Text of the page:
Speakers talk strategy with local fracking opponents
Gathered at a Pinehurst church, dozens of anti-fracking activists from Central Carolina heard national speakers spread their environmental gospel late into Tuesday night.
Robert Nehman, of Iowa, and Jill Wiener, of rural New York, both relayed their own success stories in stopping or delaying development related to natural gas drilling in small, conservative communities with a strong agricultural focus — areas similar to the communities in Lee, Chatham and Moore counties that would be at the epicenter of drilling in North Carolina should the state’s current ban be lifted.
Nehman said he helped temporarily stop construction of a silica mine in his home county, which would have produced sand for hydraulic fracturing operations. Silica mining produces carcinogenic dust clouds, he said, not to mention 4,000 semi truck trips a week.
But despite the allure of jobs and the industry’s promises of safety, Nehman said, he convinced local leaders to push the project back by 18 months and write stronger regulations than were originally proposed. Part of his success, he said, came through reaching younger people by partnering with a popular local band to make music videos using footage of mining sites elsewhere.
“I live in a very conservative county,” Nehman told the decidedly left-leaning crowd at the Congregational Church of Pinehurst. “We have three Republican supervisors (similar to county commissioners) who voted, unanimously, for our moratorium. It’s not a political thing. It’s a quality of life thing.”
Wiener was involved in statewide activism in New York, which has since stopped hydraulic fracturing until at least next year. Her group mailed officials thousands of postcards with people’s complaints about hydraulic fracturing, she said, and they shadowed N.Y. Gov. Andrew Cuomo to various meetings and fundraisers — even out of state — to stage protests wherever he went.
“It sounds aggressive, and it was,” Wiener said.
She said it’s also important to start by picking issues — like forced pooling — which both conservatives and liberals might agree on, and build from there.
“Fighting fracking and (liquefied natural gas) exports is a patriotic issue,” she said. “It’s not partisan. You should wrap yourself in Old Glory and fight.”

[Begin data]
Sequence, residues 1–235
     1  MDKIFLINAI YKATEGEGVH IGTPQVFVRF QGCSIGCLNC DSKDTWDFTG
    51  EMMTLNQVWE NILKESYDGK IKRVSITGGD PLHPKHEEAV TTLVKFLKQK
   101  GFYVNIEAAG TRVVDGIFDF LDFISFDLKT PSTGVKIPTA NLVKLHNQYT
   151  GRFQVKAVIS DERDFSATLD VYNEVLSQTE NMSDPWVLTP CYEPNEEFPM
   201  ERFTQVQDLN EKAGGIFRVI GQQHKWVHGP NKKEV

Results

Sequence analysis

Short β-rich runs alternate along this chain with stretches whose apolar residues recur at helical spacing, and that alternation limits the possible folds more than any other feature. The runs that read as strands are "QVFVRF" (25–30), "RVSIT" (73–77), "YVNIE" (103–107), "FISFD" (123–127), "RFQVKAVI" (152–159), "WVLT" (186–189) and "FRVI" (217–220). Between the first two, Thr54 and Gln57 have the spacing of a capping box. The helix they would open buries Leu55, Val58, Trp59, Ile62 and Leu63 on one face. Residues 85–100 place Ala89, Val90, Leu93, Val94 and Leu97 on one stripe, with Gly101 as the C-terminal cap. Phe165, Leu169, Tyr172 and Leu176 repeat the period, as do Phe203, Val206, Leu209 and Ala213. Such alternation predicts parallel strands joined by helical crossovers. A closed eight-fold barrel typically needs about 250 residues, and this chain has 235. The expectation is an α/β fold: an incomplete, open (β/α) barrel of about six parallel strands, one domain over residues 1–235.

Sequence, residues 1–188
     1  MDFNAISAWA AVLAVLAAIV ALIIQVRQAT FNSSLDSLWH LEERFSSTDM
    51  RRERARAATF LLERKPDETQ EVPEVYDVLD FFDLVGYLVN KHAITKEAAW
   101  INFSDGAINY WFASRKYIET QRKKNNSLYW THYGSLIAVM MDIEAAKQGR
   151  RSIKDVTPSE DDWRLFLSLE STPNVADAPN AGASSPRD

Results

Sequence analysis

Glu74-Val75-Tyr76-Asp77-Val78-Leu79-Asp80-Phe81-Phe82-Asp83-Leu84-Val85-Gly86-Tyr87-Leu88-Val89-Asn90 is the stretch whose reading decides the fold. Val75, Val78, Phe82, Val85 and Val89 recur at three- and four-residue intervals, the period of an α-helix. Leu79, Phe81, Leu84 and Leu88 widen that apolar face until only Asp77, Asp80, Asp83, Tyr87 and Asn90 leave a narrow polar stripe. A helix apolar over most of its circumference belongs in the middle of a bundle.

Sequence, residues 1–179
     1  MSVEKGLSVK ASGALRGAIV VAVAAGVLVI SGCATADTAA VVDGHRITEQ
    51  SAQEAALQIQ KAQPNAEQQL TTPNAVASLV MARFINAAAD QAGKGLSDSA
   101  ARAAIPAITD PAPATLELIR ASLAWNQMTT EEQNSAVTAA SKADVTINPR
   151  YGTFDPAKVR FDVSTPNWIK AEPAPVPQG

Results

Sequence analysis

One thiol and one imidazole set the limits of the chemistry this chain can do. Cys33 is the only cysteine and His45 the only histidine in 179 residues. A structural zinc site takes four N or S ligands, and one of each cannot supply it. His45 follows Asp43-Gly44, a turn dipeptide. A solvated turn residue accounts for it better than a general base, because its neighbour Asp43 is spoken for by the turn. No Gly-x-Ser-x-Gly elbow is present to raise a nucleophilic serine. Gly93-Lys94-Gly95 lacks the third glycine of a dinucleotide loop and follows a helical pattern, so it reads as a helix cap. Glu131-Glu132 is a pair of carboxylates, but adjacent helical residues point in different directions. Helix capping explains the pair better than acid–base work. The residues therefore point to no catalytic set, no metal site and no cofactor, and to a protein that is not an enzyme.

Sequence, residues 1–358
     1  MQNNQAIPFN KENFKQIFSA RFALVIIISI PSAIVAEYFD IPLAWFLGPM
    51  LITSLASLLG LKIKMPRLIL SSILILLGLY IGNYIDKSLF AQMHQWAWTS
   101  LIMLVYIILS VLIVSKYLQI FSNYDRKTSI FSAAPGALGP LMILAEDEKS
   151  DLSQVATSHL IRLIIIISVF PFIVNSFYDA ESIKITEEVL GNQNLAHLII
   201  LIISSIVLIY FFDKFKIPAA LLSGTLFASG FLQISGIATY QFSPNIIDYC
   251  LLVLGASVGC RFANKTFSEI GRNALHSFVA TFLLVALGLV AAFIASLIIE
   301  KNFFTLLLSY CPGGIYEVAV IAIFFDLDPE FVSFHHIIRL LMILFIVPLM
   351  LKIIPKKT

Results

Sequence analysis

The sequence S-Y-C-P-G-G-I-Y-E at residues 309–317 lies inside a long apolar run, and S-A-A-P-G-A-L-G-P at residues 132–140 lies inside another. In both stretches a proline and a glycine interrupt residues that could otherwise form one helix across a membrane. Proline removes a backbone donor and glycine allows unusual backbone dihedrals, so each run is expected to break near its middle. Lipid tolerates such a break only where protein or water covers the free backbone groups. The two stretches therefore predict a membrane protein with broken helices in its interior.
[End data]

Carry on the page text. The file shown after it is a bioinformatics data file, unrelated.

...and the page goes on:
Supporters of drilling, however, argue exactly the opposite by pointing out America’s partial reliance on Venezuela, Russia and Saudi Arabia for crude oil (although the vast majority of oil used in the U.S. comes from the U.S., Canada or Mexico). They say that by ramping up domestic oil and gas production, America can wean itself from dependence on foreign countries.
Furthermore, the energy industry deserves credit for economic booms in the states with the fastest-growing wages, according to a U.S Department of Commerce report released just hours before Tuesday’s meeting in Pinehurst.
“Mining (including oil and gas extraction) was one of the major contributors to earnings growth in North Dakota, Oklahoma, and Texas in 2013,” the report claims. “Earnings growth rates in these three states have outpaced the national average not only in 2013, but in each of the four years since the recession.”
Yet both Nehman and Wiener said other economic factors — such as strains on social services and the criminal justice system, road repairs and more — paint a less rosy picture of the net economic impact when drilling comes to town.
After the speeches and a dinner break, the group of about 50 activists reconvened for a seminar on how to effectively lobby state lawmakers and regulators as they approach the final stretch in finalizing drilling rules.
The N.C. Mining and Energy Commission, led by Lee County Commissioner Jim Womack, is in charge of writing regulatory recommendations for the General Assembly. Its reports will be finished this summer, and there will be a period of time for the general public to comment on them before the legislature votes on the rules.